What is racetrack memory?

This experimental technology could change the face of how we store data

Racetrack memory, also known as domain-wall memory (DWM), is an experimental technology under development that's expected to provide a replacement for existing memory types, including hard disk drives (HDDs) and flash.

Like flash, racetrack is a type of non-volatile, solid-state memory. However, its creator, IBM, hopes will one day be capable of holding 100 times the amount of data that can be stored on any technology commercially available today.

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"The technology could have the potential to enable handheld devices to hold a few thousand movies, run for weeks at a time on a single battery and be practically unbreakable," IBM claims. 

Drives using racetrack memory will also be significantly cheaper than flash memory, IBM hopes, falling more in line with the price point of HDDs. This is why it's said to bring together "the best of both worlds" of the primary memory types in use today.

How does racetrack memory work?

Racetrack memory relies on spintronics - the intrinsic strength and orientation of the magnetic field created by an electron as it spins - in addition to its electronic charge, in solid-state devices. Solid-state in this sense refers not only to the kind of storage we're familiar with in the market today, but also older technologies like vacuum tubes.

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As an area of study, spintronics has been around since the mid-1980s, but it's only been put into any kind of practical use in the past 15 or so years. It wasn't until 2007 that IBM researchers first published a paper on racetrack memory in American Physical Society's Physical Review Letters. This was followed by a further paper in the journal Science.

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As described in the abstract of the 2008 paper, racetrack memory "comprises an array of magnetic nanowires arranged horizontally or vertically on a silicon chip". These nanowires, measuring around 50nm in diameter, form the so-called racetrack.

To use a metaphor coined by Stuart Parkin, one of the pioneers of racetrack memory, the nanowires are like skyscrapers with each floor of each skyscraper containing a single bit of data. A transistor at the bottom of the wire shoots spin polarised electric currents up and down the wires, which moves the data up and own.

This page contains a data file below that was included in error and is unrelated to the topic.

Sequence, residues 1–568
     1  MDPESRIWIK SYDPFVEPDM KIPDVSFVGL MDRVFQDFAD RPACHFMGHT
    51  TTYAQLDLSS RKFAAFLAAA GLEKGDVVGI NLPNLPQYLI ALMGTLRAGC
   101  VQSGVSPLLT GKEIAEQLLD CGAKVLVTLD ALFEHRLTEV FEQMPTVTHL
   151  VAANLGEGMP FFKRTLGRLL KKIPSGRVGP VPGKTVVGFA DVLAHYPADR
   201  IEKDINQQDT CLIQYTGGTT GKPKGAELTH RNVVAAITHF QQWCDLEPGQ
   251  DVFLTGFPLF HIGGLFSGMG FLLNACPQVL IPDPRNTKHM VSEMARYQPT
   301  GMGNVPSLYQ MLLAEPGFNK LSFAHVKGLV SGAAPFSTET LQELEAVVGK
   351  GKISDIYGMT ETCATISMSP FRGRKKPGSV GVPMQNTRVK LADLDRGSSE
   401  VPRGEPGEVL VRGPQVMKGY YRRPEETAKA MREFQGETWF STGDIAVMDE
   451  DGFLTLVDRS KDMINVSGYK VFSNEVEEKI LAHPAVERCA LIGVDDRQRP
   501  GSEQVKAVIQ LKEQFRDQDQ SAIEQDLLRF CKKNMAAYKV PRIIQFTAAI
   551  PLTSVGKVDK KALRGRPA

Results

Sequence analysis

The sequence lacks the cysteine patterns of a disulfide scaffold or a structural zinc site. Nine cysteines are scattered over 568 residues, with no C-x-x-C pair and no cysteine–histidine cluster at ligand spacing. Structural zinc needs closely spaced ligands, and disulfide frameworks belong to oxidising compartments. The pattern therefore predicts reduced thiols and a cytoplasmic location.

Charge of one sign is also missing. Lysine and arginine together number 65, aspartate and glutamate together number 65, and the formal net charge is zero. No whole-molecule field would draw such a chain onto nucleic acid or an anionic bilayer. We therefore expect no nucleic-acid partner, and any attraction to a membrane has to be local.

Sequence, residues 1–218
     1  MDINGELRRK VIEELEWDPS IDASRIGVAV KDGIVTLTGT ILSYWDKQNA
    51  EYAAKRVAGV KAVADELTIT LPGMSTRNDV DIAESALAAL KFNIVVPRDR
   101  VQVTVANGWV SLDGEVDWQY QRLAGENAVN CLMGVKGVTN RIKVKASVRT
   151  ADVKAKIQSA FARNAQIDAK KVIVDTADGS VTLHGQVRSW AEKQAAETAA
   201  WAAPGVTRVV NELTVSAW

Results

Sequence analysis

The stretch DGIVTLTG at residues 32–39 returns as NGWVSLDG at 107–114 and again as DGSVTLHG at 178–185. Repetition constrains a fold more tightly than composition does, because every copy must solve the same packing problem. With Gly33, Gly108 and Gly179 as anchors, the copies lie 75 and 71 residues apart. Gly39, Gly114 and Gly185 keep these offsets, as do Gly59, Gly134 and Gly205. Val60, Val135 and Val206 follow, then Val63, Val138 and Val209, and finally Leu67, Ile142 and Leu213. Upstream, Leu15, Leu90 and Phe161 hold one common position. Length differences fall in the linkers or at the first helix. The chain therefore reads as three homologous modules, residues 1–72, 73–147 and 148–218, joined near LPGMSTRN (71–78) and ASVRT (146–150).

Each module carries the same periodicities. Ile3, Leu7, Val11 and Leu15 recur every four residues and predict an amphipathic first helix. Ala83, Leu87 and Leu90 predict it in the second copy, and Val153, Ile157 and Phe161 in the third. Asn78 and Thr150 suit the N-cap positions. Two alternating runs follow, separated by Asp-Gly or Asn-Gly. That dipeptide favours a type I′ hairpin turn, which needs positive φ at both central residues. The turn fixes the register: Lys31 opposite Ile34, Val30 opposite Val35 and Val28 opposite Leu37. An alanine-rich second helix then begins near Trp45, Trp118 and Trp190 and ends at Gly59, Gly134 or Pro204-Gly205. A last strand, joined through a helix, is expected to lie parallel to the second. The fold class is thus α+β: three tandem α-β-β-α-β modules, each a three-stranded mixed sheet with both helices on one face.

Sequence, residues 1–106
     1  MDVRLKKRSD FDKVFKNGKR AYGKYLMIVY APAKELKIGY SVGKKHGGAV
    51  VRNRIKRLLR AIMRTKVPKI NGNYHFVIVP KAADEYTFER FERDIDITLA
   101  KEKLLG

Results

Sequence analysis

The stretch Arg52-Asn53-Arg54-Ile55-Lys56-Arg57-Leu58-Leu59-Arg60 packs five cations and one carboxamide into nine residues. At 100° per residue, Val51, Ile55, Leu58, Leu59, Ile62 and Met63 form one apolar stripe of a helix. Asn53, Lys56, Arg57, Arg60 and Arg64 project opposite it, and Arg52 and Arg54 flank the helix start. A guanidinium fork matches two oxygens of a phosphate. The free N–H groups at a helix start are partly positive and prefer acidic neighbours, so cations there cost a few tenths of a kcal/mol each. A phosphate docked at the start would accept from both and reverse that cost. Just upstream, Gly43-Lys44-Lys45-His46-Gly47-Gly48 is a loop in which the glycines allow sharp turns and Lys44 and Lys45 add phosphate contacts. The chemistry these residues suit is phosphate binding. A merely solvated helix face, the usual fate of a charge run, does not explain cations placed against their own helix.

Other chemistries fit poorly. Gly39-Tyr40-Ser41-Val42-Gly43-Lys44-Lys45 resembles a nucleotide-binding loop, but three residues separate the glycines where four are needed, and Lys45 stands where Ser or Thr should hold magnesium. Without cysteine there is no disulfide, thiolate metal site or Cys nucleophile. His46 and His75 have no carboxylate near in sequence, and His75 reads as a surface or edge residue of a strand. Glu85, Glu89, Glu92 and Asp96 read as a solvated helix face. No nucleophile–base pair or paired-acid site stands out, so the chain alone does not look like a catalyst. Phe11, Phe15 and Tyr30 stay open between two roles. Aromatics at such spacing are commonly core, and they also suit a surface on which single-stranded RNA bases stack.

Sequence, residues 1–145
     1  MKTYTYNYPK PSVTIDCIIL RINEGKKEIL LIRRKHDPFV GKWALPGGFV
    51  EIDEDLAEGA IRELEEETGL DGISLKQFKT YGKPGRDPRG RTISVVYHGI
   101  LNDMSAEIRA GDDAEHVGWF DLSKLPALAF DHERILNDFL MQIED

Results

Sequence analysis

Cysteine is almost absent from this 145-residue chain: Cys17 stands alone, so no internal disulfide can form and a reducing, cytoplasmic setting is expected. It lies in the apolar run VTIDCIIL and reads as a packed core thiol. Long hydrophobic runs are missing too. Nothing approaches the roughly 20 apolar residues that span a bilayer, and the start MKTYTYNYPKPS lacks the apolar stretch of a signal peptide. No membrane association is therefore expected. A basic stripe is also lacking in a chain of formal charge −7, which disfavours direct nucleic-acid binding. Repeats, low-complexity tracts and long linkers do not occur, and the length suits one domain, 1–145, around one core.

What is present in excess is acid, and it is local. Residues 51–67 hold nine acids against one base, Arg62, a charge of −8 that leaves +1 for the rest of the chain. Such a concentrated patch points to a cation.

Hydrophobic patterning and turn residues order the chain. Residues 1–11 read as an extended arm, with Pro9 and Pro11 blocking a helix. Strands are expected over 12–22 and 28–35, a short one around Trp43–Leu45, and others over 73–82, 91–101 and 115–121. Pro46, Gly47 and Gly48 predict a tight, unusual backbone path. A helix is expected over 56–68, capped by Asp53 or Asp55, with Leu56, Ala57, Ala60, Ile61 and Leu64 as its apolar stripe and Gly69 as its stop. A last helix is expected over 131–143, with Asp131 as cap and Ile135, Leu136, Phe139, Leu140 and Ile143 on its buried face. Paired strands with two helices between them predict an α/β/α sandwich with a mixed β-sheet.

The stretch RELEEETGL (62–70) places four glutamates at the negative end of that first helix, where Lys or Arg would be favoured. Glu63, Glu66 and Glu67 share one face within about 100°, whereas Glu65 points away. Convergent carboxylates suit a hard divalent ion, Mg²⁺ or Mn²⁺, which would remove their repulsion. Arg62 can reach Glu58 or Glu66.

As with other electronic memory, it uses reading and writing heads located near the storage medium in this case, the nanowires which then cause elements of the medium to lie one way or the other, encoding the data onto it in binary form.

Where it differs is that it doesn't write just to a single side of the storage medium. Instead, it writes on the whole of the "domain wall" of the nanowires, making it one of the first examples of 3D data storage.

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This massively increases the quantity of data that can be held on a single wire.

"In this way, each transistor can store not just one bit of data, as in all other solid-state memory, but rather 100 bits," Parkin said in a 2011 profile. "This means that one can have a solid-state memory with the same low cost of a disk drive but with a performance 10 million times better!"

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What are the advantages of racetrack memory?

The primary advantage of racetrack memory is how cost effective it is. While the price of solid-state memory has decreased markedly in recent years, traditional spinning disk hard drives are still far cheaper.

Because racetrack memory can pack so much data onto single nanowires, per transistor it's a cheaper form of storage than current solid-state memory technology, hence the comparison with HDDs.

It's also much, much faster to read and write data than on any extant technology. The researchers behind the technology predict it will be able to read or write a bit of information in 10 nanoseconds or less. By contrast, a hard disk would take around three million nanoseconds to do the same.

What are the disadvantages of racetrack memory?

Racetrack memory is still very much an experimental technology. Working at the nanoscale and trying to harness some of the quirks of quantum physics comes with challenges.

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For example, domain walls can move and stop randomly and there's currently no definitive way to stop this from happening. What's more, any tiny imperfection in the wire (by "tiny" we mean "detectable only with an x-ray microscope") can reduce read/write times so significantly that performance is closer to that of an HDD.

When can I buy a racetrack memory storage device?

This is a difficult question to answer. The most recent estimation from Parkin, which was made in 2017, was five years providing there was sufficient investment in that time.

Since then, though, there have been no further updates and some of the issues laid out above are yet to be solved. So, until they are, there's very little chance of them hitting the market.

Still, with sufficient support, racetrack memory could revolutionise the way we use and experience data storage and retrieval. We may just have to wait patiently a little longer.

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